Monitoring Lichens as Indicators of Pollution

An Introduction
  • P. L. Nimis
  • O. W. Purvis
Part of the NATO Science Series book series (NAIV, volume 7)


Erasmus Darwin observed how lichens failed to grow near Copper Smelters at Parys Mountain in Wales over 200 years ago. But it was not until sulphur dioxide, a product of fuel combustion, was identified as a major factor influencing lichen growth, distribution and health in the 1960’s that the exponential growth world-wide in lichen biomonitoring studies occurred with now well over 1500 papers published on this subject, including several books (see [3]) and an on-going literature series published in the Lichenologist. Today it is recognised that a wide range of other substances including ammonia, fluorine, eutrophication, alkaline dust, metals and radionuclides, chlorinated hydrocarbons and ‘acid rain’ may all be detected and monitored using lichens. Many countries, particularly France, Germany, Italy, Switzerland, The Netherlands and US, are currently using lichens to monitor the effects of gaseous and metal pollution using lichens at both local and national levels, a trend set to continue. There are several reasons why lichens have enjoyed such an extraordinary success in this field:
  • Lichens are ubiquitous and are currently increasing in many urban areas as a direct consequence of decreased SO2 levels (see chapters 1–3, this volume).

  • They lack a protective outer cuticle and absorb both nutrients and pollutants over much of their outer surface from predominantly aerial sources.

  • Their symbiotic nature. The fungus is obligate; if either partner is damaged by pollution this will result in a breakdown of the symbiosis, and ultimately to the death of the lichen.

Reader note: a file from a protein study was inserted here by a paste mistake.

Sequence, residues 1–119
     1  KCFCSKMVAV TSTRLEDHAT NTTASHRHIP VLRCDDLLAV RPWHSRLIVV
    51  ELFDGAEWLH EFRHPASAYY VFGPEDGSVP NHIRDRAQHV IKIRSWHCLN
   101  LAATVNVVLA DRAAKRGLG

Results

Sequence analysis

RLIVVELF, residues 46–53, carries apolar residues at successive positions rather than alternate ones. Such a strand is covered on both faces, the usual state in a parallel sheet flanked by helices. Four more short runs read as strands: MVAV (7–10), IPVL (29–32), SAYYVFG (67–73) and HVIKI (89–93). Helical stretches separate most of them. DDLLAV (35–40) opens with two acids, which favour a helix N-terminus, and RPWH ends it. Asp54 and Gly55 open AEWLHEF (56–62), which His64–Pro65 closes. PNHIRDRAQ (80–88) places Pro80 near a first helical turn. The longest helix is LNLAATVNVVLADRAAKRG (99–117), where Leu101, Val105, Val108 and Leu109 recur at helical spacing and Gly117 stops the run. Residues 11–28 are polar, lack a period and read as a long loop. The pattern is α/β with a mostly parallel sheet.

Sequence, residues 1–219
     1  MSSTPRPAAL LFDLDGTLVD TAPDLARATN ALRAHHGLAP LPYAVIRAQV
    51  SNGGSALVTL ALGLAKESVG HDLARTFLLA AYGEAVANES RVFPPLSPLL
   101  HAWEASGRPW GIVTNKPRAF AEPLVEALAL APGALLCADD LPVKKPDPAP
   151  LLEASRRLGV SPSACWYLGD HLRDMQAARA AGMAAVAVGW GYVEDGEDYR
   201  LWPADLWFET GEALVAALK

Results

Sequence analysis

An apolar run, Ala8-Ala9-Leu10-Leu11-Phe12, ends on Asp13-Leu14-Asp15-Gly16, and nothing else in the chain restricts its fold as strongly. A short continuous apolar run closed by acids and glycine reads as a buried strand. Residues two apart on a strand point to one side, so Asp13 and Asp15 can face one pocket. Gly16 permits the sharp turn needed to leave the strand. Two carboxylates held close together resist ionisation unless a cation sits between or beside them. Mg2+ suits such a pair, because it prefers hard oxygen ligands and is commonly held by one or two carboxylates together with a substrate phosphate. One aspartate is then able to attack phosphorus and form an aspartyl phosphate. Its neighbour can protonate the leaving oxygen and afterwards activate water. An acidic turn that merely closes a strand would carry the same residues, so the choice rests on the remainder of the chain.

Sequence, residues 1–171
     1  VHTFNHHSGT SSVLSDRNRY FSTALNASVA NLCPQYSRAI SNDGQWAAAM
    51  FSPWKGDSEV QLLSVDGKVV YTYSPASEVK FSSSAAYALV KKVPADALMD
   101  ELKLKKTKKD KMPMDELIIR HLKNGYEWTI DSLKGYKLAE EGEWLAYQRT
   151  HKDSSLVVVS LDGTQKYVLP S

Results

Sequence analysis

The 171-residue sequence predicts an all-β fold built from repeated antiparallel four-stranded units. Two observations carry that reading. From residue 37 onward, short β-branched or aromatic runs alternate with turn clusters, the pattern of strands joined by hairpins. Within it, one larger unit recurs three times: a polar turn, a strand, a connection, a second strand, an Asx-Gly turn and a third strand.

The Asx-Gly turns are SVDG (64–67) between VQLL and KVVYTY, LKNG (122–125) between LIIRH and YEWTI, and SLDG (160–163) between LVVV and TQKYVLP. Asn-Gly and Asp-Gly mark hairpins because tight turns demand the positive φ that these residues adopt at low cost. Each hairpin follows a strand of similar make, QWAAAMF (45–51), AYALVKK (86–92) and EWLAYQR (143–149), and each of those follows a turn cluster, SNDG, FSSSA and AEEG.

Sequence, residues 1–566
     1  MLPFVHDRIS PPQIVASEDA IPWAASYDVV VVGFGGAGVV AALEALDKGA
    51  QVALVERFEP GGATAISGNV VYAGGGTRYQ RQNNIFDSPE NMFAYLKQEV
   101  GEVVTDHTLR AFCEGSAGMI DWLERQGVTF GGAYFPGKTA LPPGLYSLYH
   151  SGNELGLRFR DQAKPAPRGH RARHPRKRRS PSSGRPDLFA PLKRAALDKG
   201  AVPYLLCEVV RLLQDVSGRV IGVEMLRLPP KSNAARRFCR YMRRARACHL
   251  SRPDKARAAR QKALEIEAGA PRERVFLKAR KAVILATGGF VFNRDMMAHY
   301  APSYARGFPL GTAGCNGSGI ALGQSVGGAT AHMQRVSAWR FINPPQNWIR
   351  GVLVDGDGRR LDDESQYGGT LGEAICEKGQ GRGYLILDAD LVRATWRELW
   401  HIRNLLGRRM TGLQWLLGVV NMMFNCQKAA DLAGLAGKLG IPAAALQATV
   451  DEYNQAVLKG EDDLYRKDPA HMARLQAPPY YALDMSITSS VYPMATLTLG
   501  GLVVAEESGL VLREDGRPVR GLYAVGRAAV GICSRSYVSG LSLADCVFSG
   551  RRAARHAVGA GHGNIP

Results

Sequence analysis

• They are perennial organisms available for monitoring throughout the year.

  • Many lichen species accumulate high metal contents without exhibiting damage, thereby permitting monitoring over wide areas.

  • Different methods exist providing opportunities for all ages and abilities.

  • Instruments are vulnerable to theft and vandalism.


Lichen Species Copper Smelter High Metal Content Lichen Diversity Broad Geographical Scale 
These keywords were added by machine and not by the authors. This process is experimental and the keywords may be updated as the learning algorithm improves.


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Copyright information

© Springer Science+Business Media Dordrecht 2002

Authors and Affiliations

  • P. L. Nimis
    • 1
  • O. W. Purvis
    • 2
  1. 1.Dipartimento di BiologiaUniversità di TriesteTriesteItaly
  2. 2.Department of BotanyThe Natural History MuseumLondonUK

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